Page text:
E. A. Blevins


by E. A. Blevins

It had been maybe a minute since Soren started the staring contest, and his eyes were getting dry. His opponent blinked lazily and turned her head away in clear contempt, rendering him beneath notice.

Soren glowered at his mother’s fluffy white cat. There was no satisfaction in winning against someone who wasn’t even playing the game.

“You’re not supposed to be on that counter,” he told Snowball, whose eyes drooped half-closed even as her ears rotated toward him.

Soren turned to face the middle of the airy kitchen where he’d placed a toy robot no larger than Snowball.

The remote control in his hands was larger than he was accustomed to. Uncle Hubert had made it for him, citing the wisdom, “You don’t want to be too close if your robot explodes.”

Soren moved the right-hand stick and the robot took a step forward. He moved the left-hand stick and its head turned.

Soren hopped in excitement and mashed the big red button.

Fzzzt! His robot shot red lasers from its eyes that left a mark on his mom’s sideboard. The feature flickered on and off in less than a second, but it was enough for Snowball to gain her feet and flee the room, green eyes wide, long fur puffed in indignation.

It was good no one else was home. His mom had her Harmony Women’s Society meetings with Memaw on Wednesday, and the high school got out later than the elementary school. The only part he didn’t like was taking the bus home. It was too loud and it still smelled a little like the time Ginger Appleby puked on the third row.

Soren held down the red button and fiddled with the head motions. The eye lasers swept beneath the kitchen table and into the bay window beyond. He released the button, startled by the sound of breaking glass, and saw that the window had cracked. Movement drew his attention, and he watched with a sinking sensation as the table slid off its own legs where the laser had slashed across them.

The slash that stretched across his mother’s sideboard smoked, and he could see the blackened wall behind it if he crouched low.

Soren decided maybe he should take his robot outside.

He picked it up, tucked it under one arm, and carried the remote control in his opposite hand. When he slipped out the back door, he decided to ride his bike to the old flour mill. He stuffed his robot and the remote into his bike’s rear basket and started for the south part of town, past the town square.

He did not, however, quite get to the square before a shiny grey car pulled over. Soren stopped his bike, annoyed, as the driver put it into park and got out. “Soren? Where do you think you’re going?”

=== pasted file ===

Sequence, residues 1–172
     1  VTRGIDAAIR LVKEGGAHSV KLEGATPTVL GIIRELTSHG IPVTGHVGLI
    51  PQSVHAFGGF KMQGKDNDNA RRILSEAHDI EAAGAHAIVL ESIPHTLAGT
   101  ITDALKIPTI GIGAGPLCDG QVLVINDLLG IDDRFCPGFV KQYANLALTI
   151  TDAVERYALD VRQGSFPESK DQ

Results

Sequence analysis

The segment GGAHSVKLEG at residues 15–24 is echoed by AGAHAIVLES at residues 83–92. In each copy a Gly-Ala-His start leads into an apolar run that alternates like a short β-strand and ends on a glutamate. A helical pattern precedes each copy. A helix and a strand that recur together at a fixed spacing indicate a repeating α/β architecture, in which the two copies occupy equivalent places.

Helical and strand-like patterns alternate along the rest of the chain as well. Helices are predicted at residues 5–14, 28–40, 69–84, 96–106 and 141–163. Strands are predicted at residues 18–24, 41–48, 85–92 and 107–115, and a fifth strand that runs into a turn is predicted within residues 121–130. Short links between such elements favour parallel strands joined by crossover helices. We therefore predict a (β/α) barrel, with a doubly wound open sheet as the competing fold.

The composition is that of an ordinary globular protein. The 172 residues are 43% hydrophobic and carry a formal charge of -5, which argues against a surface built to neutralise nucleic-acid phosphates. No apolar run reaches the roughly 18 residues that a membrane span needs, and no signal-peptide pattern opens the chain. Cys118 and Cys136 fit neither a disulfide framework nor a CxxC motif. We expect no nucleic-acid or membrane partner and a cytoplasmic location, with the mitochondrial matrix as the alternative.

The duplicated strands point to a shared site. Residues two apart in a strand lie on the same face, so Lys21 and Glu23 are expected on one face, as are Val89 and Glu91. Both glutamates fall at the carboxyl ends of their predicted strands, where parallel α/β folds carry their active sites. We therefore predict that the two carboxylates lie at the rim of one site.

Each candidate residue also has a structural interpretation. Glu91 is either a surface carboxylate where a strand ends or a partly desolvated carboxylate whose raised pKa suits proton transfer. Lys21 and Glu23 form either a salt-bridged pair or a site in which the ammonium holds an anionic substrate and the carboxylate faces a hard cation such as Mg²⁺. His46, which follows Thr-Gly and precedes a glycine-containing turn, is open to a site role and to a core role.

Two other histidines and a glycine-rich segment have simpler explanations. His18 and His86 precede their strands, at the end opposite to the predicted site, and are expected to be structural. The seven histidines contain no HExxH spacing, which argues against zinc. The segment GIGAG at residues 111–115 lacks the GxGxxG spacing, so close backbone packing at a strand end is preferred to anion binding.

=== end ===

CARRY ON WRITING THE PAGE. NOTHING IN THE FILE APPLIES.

“None of your business, Hadyn.”

Soren’s brother Hadyn was the worst person Soren knew. He nagged and glared and got Soren punished way more than if he would just butt out of things.

Hadyn’s mouth firmed and he said, “You’re supposed to wait for me at home.”

“I don’t need a babysitter.”

“No,” said Hadyn with insufferable calm, “I don’t need a babysitter. You still do.” Soren scoffed, to which Hadyn raised an eyebrow and said, “The microwave?”

“I needed to see how it worked!”

“Uncle Hubert tried to charge twice his fee to fix it.”

“He needs the money.”

Hadyn rolled his eyes. “Uncle Hubert is a cheap old goat.”

“He is not!”

Hadyn sighed and dropped the subject. “Turn your bike around and get home. Now.” Soren considered mutiny until Hadyn added, “I’ll be following you in the car.”

Soren bent low over his handlebars, sinking into a deep sulk, and peddled as slow as he could the whole way home. He stopped and waited extra long at crosswalks. When they arrived home, he was marginally satisfied to see Hadyn’s tight jaw as he parked in the driveway and led Soren into the house.

Soren carried his robot past Hadyn who’d paused to drop his keys into a bowl just inside the door. In the living room, Snowball sat at the bottom of the stairs. Soren thought he saw her glare at him, and she turned and fled satisfyingly before him as he hurried up the stairs.

Behind him, he heard Hadyn call, “Do you want a snack? I’m cutting an apple.”

“Sure,” replied Soren. He might be irritated at Hadyn, but that was no reason to turn down a snack.

Just as Soren reached his bedroom door, he heard Hadyn yell, “SOREN!”

Soren froze, brain working rapidly to come up with a denial for the accusation to come. At the sound of Hadyn stomping up the stairs, Soren stuffed his robot and its remote under his bed.

He faced the doorway with the most innocent expression he could muster. Hadyn didn’t fall for it as often as their parents did, but he could be worn down enough to hand the situation to their mom, who was much easier to handle.

Strategy in place, Soren greeted his brother with wide eyes and a perfectly angelic, “What?”


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